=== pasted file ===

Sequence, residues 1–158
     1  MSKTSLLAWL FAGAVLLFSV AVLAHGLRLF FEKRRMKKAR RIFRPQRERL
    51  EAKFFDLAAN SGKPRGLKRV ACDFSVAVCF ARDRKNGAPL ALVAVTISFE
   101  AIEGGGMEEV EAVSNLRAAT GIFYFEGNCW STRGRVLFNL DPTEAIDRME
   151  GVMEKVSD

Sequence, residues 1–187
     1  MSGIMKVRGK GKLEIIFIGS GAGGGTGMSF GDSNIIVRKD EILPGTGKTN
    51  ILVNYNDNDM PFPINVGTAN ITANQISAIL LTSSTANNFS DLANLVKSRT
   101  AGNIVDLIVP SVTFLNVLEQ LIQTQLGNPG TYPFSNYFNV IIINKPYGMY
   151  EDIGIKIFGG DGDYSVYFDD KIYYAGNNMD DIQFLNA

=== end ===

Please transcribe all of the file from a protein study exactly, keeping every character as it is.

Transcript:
Sequence, residues 1–158
     1  MSKTSLLAWL FAGAVLLFSV AVLAHGLRLF FEKRRMKKAR RIFRPQRERL
    51  EAKFFDLAAN SGKPRGLKRV ACDFSVAVCF ARDRKNGAPL ALVAVTISFE
   101  AIEGGGMEEV EAVSNLRAAT GIFYFEGNCW STRGRVLFNL DPTEAIDRME
   151  GVMEKVSD

Sequence, residues 1–187
     1  MSGIMKVRGK GKLEIIFIGS GAGGGTGMSF GDSNIIVRKD EILPGTGKTN
    51  ILVNYNDNDM PFPINVGTAN ITANQISAIL LTSSTANNFS DLANLVKSRT
   101  AGNIVDLIVP SVTFLNVLEQ LIQTQLGNPG TYPFSNYFNV IIINKPYGMY
   151  EDIGIKIFGG DGDYSVYFDD KIYYAGNNMD DIQFLNA